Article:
It began when the Treasurer discovered that, unlike on-line self assessment, they had to purchase software from an HMRC approved supplier. After six calls to those on the list (some no longer in business) the cheapest was £35.99. The test transmission failed. After a lengthy phone call to HMRC it transpired this was because they did not have an authentication code for the Government Gateway (neither the guidance material nor the software had made the requirement clear). This would take 7 days by post and had to be used within 28 days. The authentication code arrived at the same time as BT “upgraded” the broadband in the area, which cut off the broadband connection for 3 weeks. The next submission also failed. After a three quarter hour telephone call with HMRC it transpired that the password being used did not match that given back in October. The new password arrived the day the authentication code expired. It being a rural area the post did not arrive until the afternoon and it was the following day before Treasurer was available to look at it.
By then the login code had indeed expired and a new one would be needed, this would take …
IT experts and enthusiasts reading this latter case study may talk of the need to “educate” such users: but the new Treasurer’s voluntary work was to escape from a day job which often involves using on-line services in support of complex administrative and consultancy tasks. They were also used to filing family tax returns on-line and making travel bookings. The problem was compounded by the attempt to upgrade Internet access from the flint cottage housing the computer. I plan to blog separately on what I learned over Christmas on the current state of broadband support (“Will 2013 be the year when it becomes easier to service than to change supplier?”). I plan to also blog on the current situation with regard to guidance for current and potential Charity trustees – suffice it to say, this now appears more serious than that which I highlighted a couple of years ago .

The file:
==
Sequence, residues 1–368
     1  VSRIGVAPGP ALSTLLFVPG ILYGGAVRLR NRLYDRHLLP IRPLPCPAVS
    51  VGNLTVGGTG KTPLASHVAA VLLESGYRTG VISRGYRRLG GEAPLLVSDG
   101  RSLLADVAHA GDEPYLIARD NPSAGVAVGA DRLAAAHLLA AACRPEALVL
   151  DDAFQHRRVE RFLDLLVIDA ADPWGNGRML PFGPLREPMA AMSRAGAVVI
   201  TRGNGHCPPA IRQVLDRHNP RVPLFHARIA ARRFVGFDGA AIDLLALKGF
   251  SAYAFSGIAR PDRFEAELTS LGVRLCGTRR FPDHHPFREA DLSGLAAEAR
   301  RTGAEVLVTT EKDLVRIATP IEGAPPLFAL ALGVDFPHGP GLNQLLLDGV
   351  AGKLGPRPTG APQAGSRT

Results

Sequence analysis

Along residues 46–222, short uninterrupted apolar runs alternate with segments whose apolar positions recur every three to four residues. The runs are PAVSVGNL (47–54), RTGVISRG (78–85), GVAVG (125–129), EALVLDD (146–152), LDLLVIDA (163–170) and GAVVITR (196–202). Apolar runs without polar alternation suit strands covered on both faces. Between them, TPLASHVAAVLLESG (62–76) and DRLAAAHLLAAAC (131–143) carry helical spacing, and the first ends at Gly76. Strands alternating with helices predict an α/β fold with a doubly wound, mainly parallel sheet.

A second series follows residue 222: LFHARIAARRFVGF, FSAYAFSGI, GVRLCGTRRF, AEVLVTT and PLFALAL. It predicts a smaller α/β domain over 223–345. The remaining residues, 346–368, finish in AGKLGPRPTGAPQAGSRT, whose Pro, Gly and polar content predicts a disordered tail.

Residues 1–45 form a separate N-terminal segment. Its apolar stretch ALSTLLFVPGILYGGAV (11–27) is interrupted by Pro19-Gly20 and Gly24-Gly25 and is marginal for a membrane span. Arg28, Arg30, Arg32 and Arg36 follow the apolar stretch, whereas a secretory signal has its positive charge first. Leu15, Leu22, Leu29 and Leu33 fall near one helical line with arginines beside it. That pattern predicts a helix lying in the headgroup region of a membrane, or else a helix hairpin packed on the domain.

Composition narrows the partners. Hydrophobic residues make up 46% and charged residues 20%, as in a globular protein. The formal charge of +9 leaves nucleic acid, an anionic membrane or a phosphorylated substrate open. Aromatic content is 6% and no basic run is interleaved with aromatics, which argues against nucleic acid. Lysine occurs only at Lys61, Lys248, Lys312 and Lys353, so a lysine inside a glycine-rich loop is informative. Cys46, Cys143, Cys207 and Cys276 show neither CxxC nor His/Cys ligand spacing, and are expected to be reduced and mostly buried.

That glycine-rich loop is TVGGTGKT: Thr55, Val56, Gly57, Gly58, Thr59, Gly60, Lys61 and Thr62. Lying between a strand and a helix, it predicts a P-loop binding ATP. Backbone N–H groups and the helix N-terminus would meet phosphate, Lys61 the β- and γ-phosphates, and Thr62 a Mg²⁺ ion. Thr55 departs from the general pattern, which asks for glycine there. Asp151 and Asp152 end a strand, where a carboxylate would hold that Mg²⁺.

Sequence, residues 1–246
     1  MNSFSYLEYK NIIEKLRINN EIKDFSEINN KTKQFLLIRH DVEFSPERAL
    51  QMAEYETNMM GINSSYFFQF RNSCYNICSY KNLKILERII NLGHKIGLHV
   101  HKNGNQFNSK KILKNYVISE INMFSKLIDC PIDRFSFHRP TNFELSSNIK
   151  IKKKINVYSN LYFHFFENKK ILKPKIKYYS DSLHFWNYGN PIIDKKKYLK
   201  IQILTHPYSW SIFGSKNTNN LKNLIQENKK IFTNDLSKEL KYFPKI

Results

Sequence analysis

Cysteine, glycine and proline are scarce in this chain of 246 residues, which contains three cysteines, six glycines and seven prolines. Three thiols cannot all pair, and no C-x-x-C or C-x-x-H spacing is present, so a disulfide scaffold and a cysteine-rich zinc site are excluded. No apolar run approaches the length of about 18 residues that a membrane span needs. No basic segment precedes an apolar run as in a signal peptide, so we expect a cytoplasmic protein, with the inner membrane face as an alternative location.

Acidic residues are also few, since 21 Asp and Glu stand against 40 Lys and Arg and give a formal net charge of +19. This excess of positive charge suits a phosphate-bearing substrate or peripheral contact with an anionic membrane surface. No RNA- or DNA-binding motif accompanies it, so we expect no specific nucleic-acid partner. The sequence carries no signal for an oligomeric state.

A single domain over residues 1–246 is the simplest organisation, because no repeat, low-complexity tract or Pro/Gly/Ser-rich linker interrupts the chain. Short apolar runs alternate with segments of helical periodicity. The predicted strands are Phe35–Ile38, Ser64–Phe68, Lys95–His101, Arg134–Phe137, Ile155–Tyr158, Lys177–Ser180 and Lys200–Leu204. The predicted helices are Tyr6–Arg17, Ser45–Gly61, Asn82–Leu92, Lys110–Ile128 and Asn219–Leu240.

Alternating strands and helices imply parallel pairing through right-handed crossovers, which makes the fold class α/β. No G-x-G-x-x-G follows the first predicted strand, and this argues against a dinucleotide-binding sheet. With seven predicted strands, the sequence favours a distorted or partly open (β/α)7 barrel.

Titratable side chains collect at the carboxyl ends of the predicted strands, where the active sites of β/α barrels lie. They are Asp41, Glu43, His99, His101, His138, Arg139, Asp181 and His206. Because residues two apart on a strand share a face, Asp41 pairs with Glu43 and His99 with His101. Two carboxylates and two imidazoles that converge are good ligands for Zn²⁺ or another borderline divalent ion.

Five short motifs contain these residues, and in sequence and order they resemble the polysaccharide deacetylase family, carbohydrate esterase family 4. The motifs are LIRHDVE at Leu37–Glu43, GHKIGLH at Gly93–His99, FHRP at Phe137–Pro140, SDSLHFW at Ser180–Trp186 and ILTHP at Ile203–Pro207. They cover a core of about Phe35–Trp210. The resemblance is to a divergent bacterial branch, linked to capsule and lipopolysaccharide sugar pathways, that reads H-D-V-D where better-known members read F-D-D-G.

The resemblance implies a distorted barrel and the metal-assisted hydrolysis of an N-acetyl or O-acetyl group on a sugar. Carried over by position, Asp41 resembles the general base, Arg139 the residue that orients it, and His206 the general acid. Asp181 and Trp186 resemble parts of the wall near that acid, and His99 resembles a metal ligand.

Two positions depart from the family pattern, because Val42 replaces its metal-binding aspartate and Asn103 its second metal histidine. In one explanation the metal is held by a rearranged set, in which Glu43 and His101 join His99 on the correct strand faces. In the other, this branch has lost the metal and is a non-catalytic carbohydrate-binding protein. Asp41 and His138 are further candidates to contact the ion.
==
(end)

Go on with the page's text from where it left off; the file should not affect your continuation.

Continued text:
Apparently the response of the Charity Commission to funding cuts from the Home Office has been to route enquiries to advisors whose funding had already been removed by Home Office, DCLG, DEFRA and others. The result could wipe-out much of what is left of the voluntary sector at a time when policy is to encourage it. Meanwhile Go On UK is attempting to get charities to go on line without checking the guidance and support available to those who attempt to do so.
Back in the late 1960s when I was a graduate trainee (before the days of computer science courses) we were taught to begin with an organisation and methods exercise to look at the people processes the system was to serve. When I did the feasibility study for my first on-line transaction processing system, in the early 1970s, we measured the time it would take for the users from going online instead of completing forms to pass to the data preparation room. In the early 1980s, when I ran the NCC Microsystems Centre, I was briefly famous for describing a piece of over-hyped software as being “as user friendly as a corned rat“.
Four years ago I chaired a session at an EU Conference on the ethics of on-line services (part of the ETICA programme) and blogged on the consensus. The time has come for robust action (including by the British Computer Society) against those who bring the “profession” into disrepute by seeking to force those dealing with government on-line without checking that the services they are expected to use really are fit for purpose by the target audiences as opposed
to imposing additional time and cost burdens on the end-users and intermediaries and giving net benefit
only to consultants and outsource providers.